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Epididymal Histiocytic Sarcomas Identified in B6C3F1 Mouse Carcenogenicity Studies COnducted by the National Toxicology Program


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Epididymal Histiocytic Sarcomas Identified in B6C3F1 Mouse Carcenogenicity Studies Conducted by the National Toxicology Program

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Epididymal Histiocytic Sarcomas Identified in B6C3F1 Mouse Carcenogenicity Studies COnducted by the National Toxicology Program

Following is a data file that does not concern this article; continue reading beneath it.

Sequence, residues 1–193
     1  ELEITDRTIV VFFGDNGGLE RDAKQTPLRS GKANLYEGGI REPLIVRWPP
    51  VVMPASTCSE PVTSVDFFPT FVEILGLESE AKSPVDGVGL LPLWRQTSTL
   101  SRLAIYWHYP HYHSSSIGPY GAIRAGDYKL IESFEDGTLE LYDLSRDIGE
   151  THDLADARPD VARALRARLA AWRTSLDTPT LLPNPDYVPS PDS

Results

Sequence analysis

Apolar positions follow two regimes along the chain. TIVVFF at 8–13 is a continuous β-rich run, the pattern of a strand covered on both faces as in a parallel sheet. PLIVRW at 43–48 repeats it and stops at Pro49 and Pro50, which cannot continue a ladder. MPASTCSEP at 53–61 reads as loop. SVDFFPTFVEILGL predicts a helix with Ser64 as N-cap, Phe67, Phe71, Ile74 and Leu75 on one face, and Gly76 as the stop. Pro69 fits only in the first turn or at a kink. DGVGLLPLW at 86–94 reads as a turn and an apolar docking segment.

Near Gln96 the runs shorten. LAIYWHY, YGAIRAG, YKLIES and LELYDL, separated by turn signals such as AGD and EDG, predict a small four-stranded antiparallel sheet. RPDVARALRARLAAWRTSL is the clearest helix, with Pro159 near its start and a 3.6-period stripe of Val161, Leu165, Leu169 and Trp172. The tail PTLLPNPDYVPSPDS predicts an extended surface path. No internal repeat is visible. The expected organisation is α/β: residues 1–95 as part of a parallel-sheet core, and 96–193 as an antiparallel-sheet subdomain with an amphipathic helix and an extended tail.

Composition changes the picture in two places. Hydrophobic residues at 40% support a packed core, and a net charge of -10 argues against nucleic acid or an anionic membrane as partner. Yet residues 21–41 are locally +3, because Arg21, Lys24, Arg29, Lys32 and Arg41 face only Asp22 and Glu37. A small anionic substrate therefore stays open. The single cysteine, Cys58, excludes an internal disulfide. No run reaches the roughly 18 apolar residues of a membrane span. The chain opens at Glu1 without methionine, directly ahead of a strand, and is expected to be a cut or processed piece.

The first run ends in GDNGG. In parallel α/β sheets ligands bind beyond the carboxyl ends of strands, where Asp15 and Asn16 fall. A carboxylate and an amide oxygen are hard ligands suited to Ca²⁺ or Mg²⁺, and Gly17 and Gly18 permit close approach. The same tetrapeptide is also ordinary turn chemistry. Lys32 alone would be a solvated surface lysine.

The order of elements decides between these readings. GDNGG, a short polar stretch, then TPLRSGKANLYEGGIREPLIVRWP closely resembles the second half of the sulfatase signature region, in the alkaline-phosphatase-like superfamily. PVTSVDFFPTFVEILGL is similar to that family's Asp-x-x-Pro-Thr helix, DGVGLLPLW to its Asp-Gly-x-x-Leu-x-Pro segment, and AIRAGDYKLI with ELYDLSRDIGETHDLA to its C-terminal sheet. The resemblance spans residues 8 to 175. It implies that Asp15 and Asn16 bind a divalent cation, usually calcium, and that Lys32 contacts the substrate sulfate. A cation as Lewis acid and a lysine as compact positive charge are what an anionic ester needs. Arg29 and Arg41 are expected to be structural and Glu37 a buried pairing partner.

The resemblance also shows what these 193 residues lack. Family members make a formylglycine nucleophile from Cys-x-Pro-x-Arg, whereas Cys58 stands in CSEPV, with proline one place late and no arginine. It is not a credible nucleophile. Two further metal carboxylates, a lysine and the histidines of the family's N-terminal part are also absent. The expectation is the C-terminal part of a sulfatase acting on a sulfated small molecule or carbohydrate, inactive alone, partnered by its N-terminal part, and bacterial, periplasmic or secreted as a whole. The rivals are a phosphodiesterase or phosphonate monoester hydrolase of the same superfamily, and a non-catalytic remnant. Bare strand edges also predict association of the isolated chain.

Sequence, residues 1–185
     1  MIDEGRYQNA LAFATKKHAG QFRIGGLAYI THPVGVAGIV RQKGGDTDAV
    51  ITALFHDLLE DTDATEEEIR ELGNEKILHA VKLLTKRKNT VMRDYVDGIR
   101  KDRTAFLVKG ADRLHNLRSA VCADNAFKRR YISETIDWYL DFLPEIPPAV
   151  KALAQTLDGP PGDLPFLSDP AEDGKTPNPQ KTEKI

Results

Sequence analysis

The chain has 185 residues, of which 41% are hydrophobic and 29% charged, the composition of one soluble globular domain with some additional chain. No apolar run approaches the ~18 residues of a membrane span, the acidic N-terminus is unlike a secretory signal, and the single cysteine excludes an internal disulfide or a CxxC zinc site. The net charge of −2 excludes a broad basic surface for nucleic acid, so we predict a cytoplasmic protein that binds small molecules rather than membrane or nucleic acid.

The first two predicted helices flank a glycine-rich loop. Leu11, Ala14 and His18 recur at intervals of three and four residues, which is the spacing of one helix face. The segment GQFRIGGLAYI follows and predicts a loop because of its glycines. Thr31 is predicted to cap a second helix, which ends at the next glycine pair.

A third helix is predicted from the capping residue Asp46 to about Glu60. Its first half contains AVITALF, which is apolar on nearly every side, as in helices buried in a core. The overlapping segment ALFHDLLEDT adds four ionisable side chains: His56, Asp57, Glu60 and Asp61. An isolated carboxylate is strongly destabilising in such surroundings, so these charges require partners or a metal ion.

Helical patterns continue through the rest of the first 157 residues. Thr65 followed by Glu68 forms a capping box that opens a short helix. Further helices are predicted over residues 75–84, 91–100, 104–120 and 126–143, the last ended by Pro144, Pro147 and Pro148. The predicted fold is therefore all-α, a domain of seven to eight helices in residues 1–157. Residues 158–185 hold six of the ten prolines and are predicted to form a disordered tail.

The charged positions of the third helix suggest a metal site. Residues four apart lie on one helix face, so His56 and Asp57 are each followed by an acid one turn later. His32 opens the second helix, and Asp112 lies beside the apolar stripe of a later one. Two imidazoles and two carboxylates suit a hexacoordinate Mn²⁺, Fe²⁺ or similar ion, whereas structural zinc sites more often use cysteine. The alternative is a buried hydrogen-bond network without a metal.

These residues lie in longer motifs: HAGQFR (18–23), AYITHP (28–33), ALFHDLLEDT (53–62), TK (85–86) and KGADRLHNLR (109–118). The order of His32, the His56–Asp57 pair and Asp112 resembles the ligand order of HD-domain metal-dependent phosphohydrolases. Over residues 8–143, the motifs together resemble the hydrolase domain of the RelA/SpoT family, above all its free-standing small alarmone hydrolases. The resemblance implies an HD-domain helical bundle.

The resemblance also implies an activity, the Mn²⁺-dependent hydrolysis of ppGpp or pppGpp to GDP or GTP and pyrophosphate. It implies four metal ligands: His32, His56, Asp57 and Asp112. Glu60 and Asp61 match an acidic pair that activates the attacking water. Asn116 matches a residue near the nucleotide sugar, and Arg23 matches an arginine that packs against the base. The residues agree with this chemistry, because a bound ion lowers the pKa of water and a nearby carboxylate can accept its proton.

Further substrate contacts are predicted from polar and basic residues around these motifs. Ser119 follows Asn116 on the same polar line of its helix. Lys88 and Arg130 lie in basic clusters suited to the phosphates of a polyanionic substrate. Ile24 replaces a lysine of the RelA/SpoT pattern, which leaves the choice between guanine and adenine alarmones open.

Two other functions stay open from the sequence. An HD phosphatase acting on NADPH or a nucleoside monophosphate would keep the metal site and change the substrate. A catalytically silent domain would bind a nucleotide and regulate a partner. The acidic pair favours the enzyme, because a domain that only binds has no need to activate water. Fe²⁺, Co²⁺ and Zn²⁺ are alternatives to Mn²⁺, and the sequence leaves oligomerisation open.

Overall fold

1. 1. Austyn, J.M. and Gordon, S. (1981). F4/80, a monoclonal antibody directed specifically against the mouse macrophage. Eur J Immunol 11, 805-815. Baldrick, P. and Reeve, L. (2007). Carcinogenicity evaluation: comparison of tumor data from dual control groups in the CD-1 mouse. Toxicol Pathol 35, 562-569. Creasy, D., Bube, A., de Rijk, E., Kandori, H., Kuwahara, M., Masson, R., Nolte, T., Reams, R., Regan, K., Rehm, S., Rogerson, P., and Whitney, K. (2012). Proliferative and nonproliferative lesions of the rat and mouse male reproductive system. Toxicol Pathol 40, 40S-121S. Frith, C.H. (1990). Histiocytic sarcoma. In: Hematopoietic System. Monographs on Pathology of Laboratory Animals (T.C. Jones, J.M. Ward, U. Mohr, and R.D. Hunt, eds.) Springer-Verlag, Berlin, pp. 58-65. Haseman, J.K., Hailey, J.R., and Morris, R.W. (1998). Spontaneous neoplasm incidences in Fischer 344 rats and B6C3F1 mice in two-year carcinogenicity studies: A National Toxicology Program update. Toxicol Pathol 26, 428-441. Hao, X., Fredrickson, T.N., Chattopadhyay, S.K., Han, W., Qi, C-F., Wang, Z., Ward, J.M., Hartley, J.W., and Morse, H.C. (2010). The histopathologic and molecular basis for the diagnosis of histiocyctic sarcoma and histiocyte-associated lymphoma of mice. Vet Path 47, 434-445. Itagaki, I., Tanaka, M., and Shinomiya, K. (1993). Spontaneous histiogenic tumors of epididymis observed in B6C3F1 mice. J Vet Med Science 55, 241-246. Mitsumori, K., Talley, F.A., and Elwell, M.R. (1989). Epididymal interstitial (Leydig) cell tumors in B6C3F1 mice. Vet Pathol 26, 65-69. Shiga, A. (1994). Primary histiocytic sarcoma of the epididymis in B6C3F1 mouse. J Toxicol Pathol 7, 95-102. Ward, J.M., and Sheldon, W. (1993). Expression of mononuclear phagocyte antigens in histiocytic sarcoma of mice. Vet Pathol 30, 560-565. Yano, B.L., Hardisty, J.F., Seely, J.C., Butterworth, B.E., McConnell, E.E., Swenberg, J.A., Williams, G.A., Stebbins, K.E., Gollapudi, B.B., and Eisenbrandt, D.L. (2008) Nitrapyrin: A scientific advisory group review of the mode of action of carcinogenicity in B6C3F1 mice. Regul Toxicol Pharmacol 51, 53-65. Epididymal Histiocytic Sarcomas Identified in B6C3F1 Mouse Carcinogenicity Studies Conducted by the National Toxicology Program John Curtis Seely1, Kyathanahalli S. Janardhan2, Jerry F. Hardisty1, Gabrielle Willson1, and Ron Herbert3 1Experimental Pathology Laboratories, Inc., Research Triangle Park, North Carolina, USA 2Integrated Laboratory Systems, Inc., Research Triangle Park, North Carolina, USA 3National Toxicology Program, NIEHS, Research Triangle Park, USA Spontaneous primary or metastatic neoplasms of the mouse epididymis are uncommon in historical control data (Haseman et al. 1998; Baldrick and Reeve 2007). Histiocytic sarcomas (HS) of the epididymis have been reported in B6C3F1 mice (Itagaki et al. 1993; Shiga 1994) and described in the INHAND document on the male reproductive system (Creasy et al. 2012). The recognition and incidence of epididymal HS may become important when evaluating an unusual or potential test article-related incidence observed in a carcinogenicity study (Yano et al. 2008). In addition, primary epididymal HS in the mouse may present as a confounding histological appearance in a tissue not commonly associated with the usual tissue distribution of HS. Therefore, this retrospective study was conducted to provide additional information regarding the morphology and incidence of epididymal HS in the B6C3F1 mouse. Introduction Figures References A database search was conducted for the presence of epididymal HS in B6C3F1 mouse studies from the NTP’s Toxicology Data Management System Enterprise (TDMSE). The database surveyed cases of epididymal HS from 1982 onward in long term carcinogenicity studies. The database included mice from both control and treated groups. Individual animal study records and selected H&E stained slides were retrieved from the NTP Archives. From the study records and for categorization, epididymal HS were determined to be a primary neoplasm when HS was only diagnosed in the epididymis or part of a multi-site neoplastic process when tissues other than the epididymis contained HS. In order to further investigate the histogenesis of the epididymal lesions 21 selected cases diagnosed as epididymal HS were further studied by F4/80 antibody immunohistochemistry (IHC). Methods Primary or metastatic neoplasms of the mouse epididymis are uncommonly reported from National Toxicology Program (NTP) long term carcinogenicity studies. However, epididymal histiocytic sarcomas (HS) have been diagnosed as either a primary neoplasm or part of a multi-site neoplastic disease. HS in mice are usually recognized as infiltrative tumors largely limited to organs such as the liver, skin, lymph nodes, or uterus. In some cases, HS becomes wide spread involving many sites. This retrospective study was undertaken to investigate the presence and incidence of epididymal HS in NTP carcinogenicity studies using the B6C3F1 mouse. The histologic and immunohisto-chemical (IHC) staining pattern of epididymal HS from NTP cases was consistent with previous reports of the appearance and immunostaining patterns of HS. In general, epididymal HS in the B6C3F1 mouse appears to have a strong predilection for the epididymal cauda as observed in other mouse strains. Abstract • 67 cases of epididymal HS were identified from 40, 4046 male B6C3F1 mice, including controls and treated animals, from long term NTP studies. Overall, the incidence was 0.17%. • The 67 cases were categorized as either a primary neoplasm or as part of a multi-site neoplastic disease. 53 cases were associated with HS in other tissues and 14 cases were diagnosed as primary neoplasms. • 14 epididymal HS cases were identified from 10,651 control animals. 4 of these cases were diagnosed as primary neoplasms. • Histological features of epididymal HS varied but resembled typical HS observed in other tissues. • Immunohistochemistry using F4/80 antibody was positive in the HS cases examined. IHC is recommended in problematic cases where cell identification is challenging. F4/80 is a reliable marker for HS. Conclusion The TDMSE database search for epididymal HS surveyed approximately 40, 046 male B6C3F1 mice from long term carcinogenicity studies. The database included 10,651 controls and 29,395 test article treated animals exposed to a wide range of chemicals. The routes of administration represented gavage, respiratory exposure whole body, dosed water, dosed feed, skin application, in-utero, dermal solution, and magnetic fields. 67 cases of epididymal HS, primary and multi-site, were identified. Out of those 67 cases, 53 cases were diagnosed as part of a multi-site neoplastic disease and 14 cases were diagnosed as primary epididymal neoplasms. The overall incidence of epididymal HS was approximately 0.17%. From the 67 cases identified 14 cases of epididymal HS were present in control males. Out of the 14 control cases, 4 cases of HS represented primary epididymal HS. During the review of the study records, epididymal HS were often grossly apparent as a traceable gross lesion. In the majority of cases, the epididymis was described as enlarged and, in general, appeared as unilateral lesions. Microscopically, epididymal HS appeared as irregularly sized densely cellular masses that were nearly always located within or near to the epididymal cauda. Large neoplasms often contained hemorrhage and necrosis (Fig. 1). Generally, smaller tumors were well contained within the epididymis and lacked significant hemorrhage and necrosis (Figs. 2 and 3). Tumor cells infiltrated interstitial tissue gradually displacing tubules as the neoplasm expanded in size (Fig. 4). HS cells appeared as densely packed round to oval to spindle-shaped mononuclear cells with variable amounts of indistinct pale eosinophilic cytoplasm (Fig. 5). Nuclei were generally oval to pleomorphic with one or more nucleoli. Multinucleated tumor cells were present but their numbers were inconsistent throughout sections. The presence of tumor cell mitoses was variable. In some cases, neoplastic cells were seen to have invaded the capsule spreading to capsular fat (Fig. 6). Other microscopic findings associated with epididymal HS included mononuclear cell infiltrates and infrequent cases of sperm granulomas (Fig. 7). All epididymal neoplasms with a diagnosis of HS stained positively with the F4/80 antibody. Staining was cytoplasmic and membranous. In most instances the staining was diffusely present in the majority of the neoplastic cell population (Fig. 8). Results The authors would like to thank the following people who helped with various phases of this study: Kylie Brockenfelt and Johnnie Carden (EPL) for retrieval of the NTP study material, Emily Singletary (EPL) for photography support, Lois Wyrick of Image Associates for the graphic design of this poster, and the histology and immunohisto- chemistry core laboratories, Cellular and Molecular Pathology Branch for their help. Acknowledgements Histiocytic sarcoma in the mouse comprises a pathological entity that is generally characterized as a primary to multi-site neoplasm which can either involve one or more specific organs such as the liver, skin, lymph nodes, and uterus or can be widely disseminated (Frith 1990). HS has been recognized as a neoplasm of the mononuclear phagocytic system by the immunohisto- chemical expression of specific antigens (Ward and Sheldon, 1993; Hao, et al. 2010). Epididymal HS have only been observed in mice and are considered to be equivalent to the mouse uterine HS (Creasy et al. 2012). The histological features of epididymal HS appear similar to HS occurring in other organs or tissues. The strong predilection of the tumor cells for the epididymal cauda remains unknown. Interstitial cell (Leydig) tumors of the mouse epididymis which described histological features closely resembling HS tumors were reported in animals which lacked primary testicular tumors (Mitsumori et al. 1989). However, the male reproductive INHAND document suggests that the reported Leydig cell tumors may be epididymal HS and IHC markers are recommended to provide a definitive diagnosis (Creasy et al. 2012). Antibodies to F4/80 antigen have been shown to be a reliable, sensitive and specific marker to identify macrophages in mice and to help with identification of HS (Austyn and Gordon 1981; Hao, et al. 2010). Discussion Figure 1. Epididymal HS (control, multi-site neoplasm). Large mass involving the epididymal cauda. H&E, original magnification 2X Figure 2. Epididymal HS (control, multi-site neoplasm). Neoplastic cells infil-trating and separating tubules. H&E, original magnification 10X Figure 3. Epididymal HS (control, primary neoplasm). Similar infiltrative pattern as Figure 2. H&E, original magnification 4X Figure 4. Epididymal HS (control, primary neoplasm). Dense population of neoplastic cells with focal mononuclear cell infiltrates. H&E, original magnification 10X Figure 5. Epididymal HS (control, multi- site neoplasm). Monomorphic cell population with indistinct eosinophilic cytoplasm and slight nuclear pleomorphism. H&E, original magnification 20X Figure 6. Epididymal HS (control, multi- site neoplasm). Capsular invasion and infiltration of epididymal fat by HS cells. H&E, original magnification 20X Figure 7. Epididymal HS (low dose, multi- site neoplasm). Sperm granuloma (upper left of image). H&E, original magnification 20X Figure 8. Epididymal HS (control, multi-site neoplasm). Positive cytoplasmic and membranous staining. F4-80 IHC, original magnification 40X